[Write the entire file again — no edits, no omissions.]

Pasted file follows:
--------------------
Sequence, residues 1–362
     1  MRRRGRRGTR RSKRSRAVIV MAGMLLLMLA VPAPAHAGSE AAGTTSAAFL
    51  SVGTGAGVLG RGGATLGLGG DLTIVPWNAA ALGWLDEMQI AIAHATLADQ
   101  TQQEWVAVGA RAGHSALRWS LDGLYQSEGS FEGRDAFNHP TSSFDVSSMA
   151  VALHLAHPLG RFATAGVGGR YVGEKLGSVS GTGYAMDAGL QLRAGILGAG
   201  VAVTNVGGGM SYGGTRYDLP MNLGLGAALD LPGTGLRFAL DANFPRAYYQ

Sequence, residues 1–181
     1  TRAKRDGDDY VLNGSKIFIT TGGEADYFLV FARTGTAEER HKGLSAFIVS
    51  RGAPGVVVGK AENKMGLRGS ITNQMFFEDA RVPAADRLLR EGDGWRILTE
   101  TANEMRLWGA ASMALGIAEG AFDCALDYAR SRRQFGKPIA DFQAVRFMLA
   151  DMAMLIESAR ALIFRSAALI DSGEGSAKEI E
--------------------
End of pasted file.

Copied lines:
Sequence, residues 1–362
     1  MRRRGRRGTR RSKRSRAVIV MAGMLLLMLA VPAPAHAGSE AAGTTSAAFL
    51  SVGTGAGVLG RGGATLGLGG DLTIVPWNAA ALGWLDEMQI AIAHATLADQ
   101  TQQEWVAVGA RAGHSALRWS LDGLYQSEGS FEGRDAFNHP TSSFDVSSMA
   151  VALHLAHPLG RFATAGVGGR YVGEKLGSVS GTGYAMDAGL QLRAGILGAG
   201  VAVTNVGGGM SYGGTRYDLP MNLGLGAALD LPGTGLRFAL DANFPRAYYQ

Sequence, residues 1–181
     1  TRAKRDGDDY VLNGSKIFIT TGGEADYFLV FARTGTAEER HKGLSAFIVS
    51  RGAPGVVVGK AENKMGLRGS ITNQMFFEDA RVPAADRLLR EGDGWRILTE
   101  TANEMRLWGA ASMALGIAEG AFDCALDYAR SRRQFGKPIA DFQAVRFMLA
   151  DMAMLIESAR ALIFRSAALI DSGEGSAKEI E